The Omnivore’s retention is top-notch, and the gun locks in with ease. Once it’s seated, it’s staying put, and you won’t lose your gun when bumping, hiking, jumping, or whatever you’re doing. I’ve never had a gun come loose when using the Omnivore.

Finding Purpose

The main problem with the Omnivore for many people may be finding a use case for it. It’s way too big and bulky for concealed carry. The instructions advise that it’s not a duty holster, and you probably would want a dedicated holster for a duty rig anyway. That limits the Omnivore to the range or for open carry. It’s great for hiking with its active retention device. It wouldn’t be terrible for competition at lower levels.

The Omnivore works great for unusual handguns without much holster support. (Travis Pike for TTAG)

The handiest aspect of the Omnivore is being able to use it with “atypical” guns that don’t have a ton of holster support. It works great with guns like the Arex Delta Gen.2, the CZ P09, and many more good, though less popular handguns. Sadly, that seems to be a fairly small market for the Omnivore.

Do you want to review guns or be a gun writer? If you do, buy an Omnivore. It will be extremely handy in your pursuits. I’m not sure Blackhawk had us as writers in mind, but the Omnivore comes in exceptionally handy for this line of work. I love the Omnivore and think it’s a great design and works very well for my purposes. It’s surprisingly nice for it’s amazingly low price and is certainly a functional option, even if its use case seems limited.

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    • I use this holster for 3-Gun because you’re running around like a crazy person; and there’s at least one DQ every year at the annual match for someone’s gun falling out of their holster.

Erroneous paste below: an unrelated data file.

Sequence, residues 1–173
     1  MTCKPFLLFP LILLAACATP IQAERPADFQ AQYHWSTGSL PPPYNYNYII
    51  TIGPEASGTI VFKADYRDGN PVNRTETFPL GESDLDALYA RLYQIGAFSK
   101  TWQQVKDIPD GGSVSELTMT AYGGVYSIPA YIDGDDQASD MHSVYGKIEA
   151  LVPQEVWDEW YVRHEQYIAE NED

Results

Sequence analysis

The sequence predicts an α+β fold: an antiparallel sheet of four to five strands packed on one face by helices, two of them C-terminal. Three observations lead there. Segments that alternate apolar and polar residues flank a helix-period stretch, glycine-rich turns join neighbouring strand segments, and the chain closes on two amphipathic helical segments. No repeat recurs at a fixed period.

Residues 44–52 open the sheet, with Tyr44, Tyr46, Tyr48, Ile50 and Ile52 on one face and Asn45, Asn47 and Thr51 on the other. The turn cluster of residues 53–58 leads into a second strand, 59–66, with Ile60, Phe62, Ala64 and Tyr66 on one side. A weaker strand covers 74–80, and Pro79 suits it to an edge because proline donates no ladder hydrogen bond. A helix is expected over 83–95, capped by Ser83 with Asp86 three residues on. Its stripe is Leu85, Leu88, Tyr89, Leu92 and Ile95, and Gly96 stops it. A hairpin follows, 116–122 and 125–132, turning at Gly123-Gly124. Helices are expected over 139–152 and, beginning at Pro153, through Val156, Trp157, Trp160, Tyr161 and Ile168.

This locks on very nicely to the pistol at the expense of maybe 0.10 seconds added to your draw; which for me as a “B” rank shooter isn’t going to make or break the day.

  1. Mostly use Safariland ALS holsters now for OWB concealed and open carry but lately I’ve been trying out a Blackhawk T-Series level 2 compact holster and I like it.

    • Tell us more when you’re satisfied. I’ve crossed into the world of red-dots and am considering going t-series rather than a Safariland RDS because they’re cheaper.

      Two things that keep me thinking I’ll stick with Safariland are 1)I’m already used to the mechanism and 2)they’ll work without the light attached.

      • I don’t use a pistol mounted light on the carry so that makes the choice a little different for me, so I went with the T-Series level 2 compact.

        But so far I like it. There was a short adjustment for the release method vs the Safariland but a little practice took care of that.

        The only thing I wish was a little different on it is the way they cant the front edge of the holster out away from the body so the grip will tuck in closer to the body. It does tuck the grip in but it also pushes the front away from the body some so while the height is great for me the front is not as tight in as I like it. But there is a reason for this and its acceptable – they do this so their release will not be pressed against the body and can be easily gotten to.

        Its a little different with the ALS on the Safarilands I have, they sit suitably high and tight and don’t do that and with the Safariland ALS you don’t need to get ‘behind’ the holster like you do with the Blackhawk release for the thumb because the ALS release is activated from the top and its not an inward push (towards the holster) like the Blackhawk.

        But overall I like the T-Series level 2 compact.

        • clarification:

          On the T-Series level 2 compact holster the outward cant is only present when using the regular belt loop attachment. There is a Quick Dual Release (QDR) belt loop attachment that also comes with the holster and it does not provide this cant but the whole gun sets a little farther away from the body so this attachment is not that good for the OWB concealed carry but is fine for open carry. There is also an optional CQC Paddle attachment for it, with no cant, and this works for OWB concealed.